Central Asia inherited well-developed state institutions and legitimate state borders. The countries are doing well in almost all spheres but it all comes to halt with their independence. All the help from Moscow halted and countries now had to face a host of issues on their own. 

There is a democracy deficit in these countries. The fragile character of the political system in these countries is largely due to “facade democracies”. The NGOs are under the strict scrutiny of the state. The civil society movements were repressed in the early years of independence in Turkmenistan when in the other central Asian republics there was a revival of civil society movements. Journalism is also under the control of the state. Reporters Without Borders in the press freedom index 2020 positions the country at the bottom together with North Korea.

President Niyazov got himself elected in 1999 as President for life and named himself Turkembshi (father of Turks). He had created a cult and even students were required to read a book called Rukhnama, which consisted of his collected thoughts on culture, history, and morality. President Niyazov died in December 2006. His successor was Gurbanguly Berdimuhamedov and soon the cult of Niyazov was replaced by Berdimuhamedov.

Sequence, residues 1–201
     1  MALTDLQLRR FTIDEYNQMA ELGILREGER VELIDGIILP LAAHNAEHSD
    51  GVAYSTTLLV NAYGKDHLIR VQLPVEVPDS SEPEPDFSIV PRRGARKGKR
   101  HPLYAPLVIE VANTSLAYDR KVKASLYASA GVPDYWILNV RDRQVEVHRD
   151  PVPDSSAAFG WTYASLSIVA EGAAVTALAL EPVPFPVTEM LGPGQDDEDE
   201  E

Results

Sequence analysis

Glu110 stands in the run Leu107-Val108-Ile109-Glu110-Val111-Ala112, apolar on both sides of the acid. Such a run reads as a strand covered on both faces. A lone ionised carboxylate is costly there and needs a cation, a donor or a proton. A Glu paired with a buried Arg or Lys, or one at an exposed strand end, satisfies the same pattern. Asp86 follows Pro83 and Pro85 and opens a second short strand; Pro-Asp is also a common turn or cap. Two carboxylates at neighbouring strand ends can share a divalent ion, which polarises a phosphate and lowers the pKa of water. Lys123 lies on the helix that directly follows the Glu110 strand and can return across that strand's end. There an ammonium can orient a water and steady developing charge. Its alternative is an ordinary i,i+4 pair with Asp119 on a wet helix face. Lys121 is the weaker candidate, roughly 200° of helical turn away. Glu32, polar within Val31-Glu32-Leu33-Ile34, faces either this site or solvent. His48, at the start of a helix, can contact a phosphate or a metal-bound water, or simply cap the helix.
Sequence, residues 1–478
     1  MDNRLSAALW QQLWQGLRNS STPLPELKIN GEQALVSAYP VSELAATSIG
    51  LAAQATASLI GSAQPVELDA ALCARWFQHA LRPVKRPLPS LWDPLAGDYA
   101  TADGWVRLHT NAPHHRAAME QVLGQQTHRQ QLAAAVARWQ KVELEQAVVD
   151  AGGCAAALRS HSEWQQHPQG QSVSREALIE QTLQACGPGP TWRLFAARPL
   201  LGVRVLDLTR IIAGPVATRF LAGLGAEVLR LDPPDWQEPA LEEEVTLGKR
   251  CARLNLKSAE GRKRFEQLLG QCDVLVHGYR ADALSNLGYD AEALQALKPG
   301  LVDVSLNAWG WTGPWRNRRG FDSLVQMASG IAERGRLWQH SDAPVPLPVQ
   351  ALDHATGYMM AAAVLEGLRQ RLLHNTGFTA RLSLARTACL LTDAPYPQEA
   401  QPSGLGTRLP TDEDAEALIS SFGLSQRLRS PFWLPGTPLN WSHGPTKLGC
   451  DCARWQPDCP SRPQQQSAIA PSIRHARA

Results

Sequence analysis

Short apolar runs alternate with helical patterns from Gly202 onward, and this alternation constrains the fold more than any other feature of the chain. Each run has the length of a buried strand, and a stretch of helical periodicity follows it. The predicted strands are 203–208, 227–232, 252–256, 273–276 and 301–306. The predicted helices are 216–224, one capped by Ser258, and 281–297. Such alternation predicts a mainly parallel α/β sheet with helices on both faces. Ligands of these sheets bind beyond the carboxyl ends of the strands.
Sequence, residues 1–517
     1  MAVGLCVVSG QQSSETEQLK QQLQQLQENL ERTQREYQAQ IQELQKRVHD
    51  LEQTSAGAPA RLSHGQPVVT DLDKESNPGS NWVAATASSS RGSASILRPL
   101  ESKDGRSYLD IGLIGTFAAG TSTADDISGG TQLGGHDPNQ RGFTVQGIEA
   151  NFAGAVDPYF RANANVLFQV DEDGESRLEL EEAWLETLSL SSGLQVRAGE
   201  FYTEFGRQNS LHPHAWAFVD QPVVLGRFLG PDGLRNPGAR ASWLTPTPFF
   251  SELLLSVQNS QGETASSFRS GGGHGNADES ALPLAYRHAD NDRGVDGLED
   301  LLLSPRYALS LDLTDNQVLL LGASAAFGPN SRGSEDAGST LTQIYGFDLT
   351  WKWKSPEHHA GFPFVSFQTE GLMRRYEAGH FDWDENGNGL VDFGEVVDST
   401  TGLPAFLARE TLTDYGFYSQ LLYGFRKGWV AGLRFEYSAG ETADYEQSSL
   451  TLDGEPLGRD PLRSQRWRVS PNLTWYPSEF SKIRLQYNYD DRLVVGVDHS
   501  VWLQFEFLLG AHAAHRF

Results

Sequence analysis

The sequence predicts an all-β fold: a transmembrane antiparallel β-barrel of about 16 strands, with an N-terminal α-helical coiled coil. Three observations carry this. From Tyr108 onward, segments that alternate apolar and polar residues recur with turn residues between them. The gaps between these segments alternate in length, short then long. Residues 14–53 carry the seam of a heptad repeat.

Social Infrastructure

Under president Niyazov, secondary education was lessened by a year and this caused prolonged harm to the education quality in the country. Studying overseas has become difficult for students. In 2004 around 15,000 healthcare professionals were dismissed and replaced by military conscripts. Further in 2005, Niyazov ordered the closure of all regional hospitals.

President Berdimuhamedov who came into power in 2006 reopened regional hospitals but the country is still behind in providing basic health security. Though the regime has invested heavily in infrastructure and increased the budget for health and education, many projects are still waiting to get implemented.

The central problems faced by the healthcare sector are the lack of medical supply, corruption, the low-grade standard of healthcare in rural regions, and the shortage of medical specialists. There was also a shortage of qualified workers in the country. At the beginning of 2018, there were only 14,200 doctors in the country or 2.5 doctors per 1,000 inhabitants. 

School classroom in Turkmenistan/ Image source: Turkmenistan Government

Steps taken by the government

A National Educational System has been established and is now operating in Turkmenistan. The steps are taken to improve literacy rates and to create a high-tech educational environment. Several activities are undertaken like improvement in Parent Educational Centers. 

The educational policy also keeps in view the gender disparity and works on reducing it through the adoption of The National Action Plan on Gender Equality. Activities are underway to improve the prospects of higher education and vocational learning for students as well. Even the number of students receiving higher education has gone up significantly in recent years.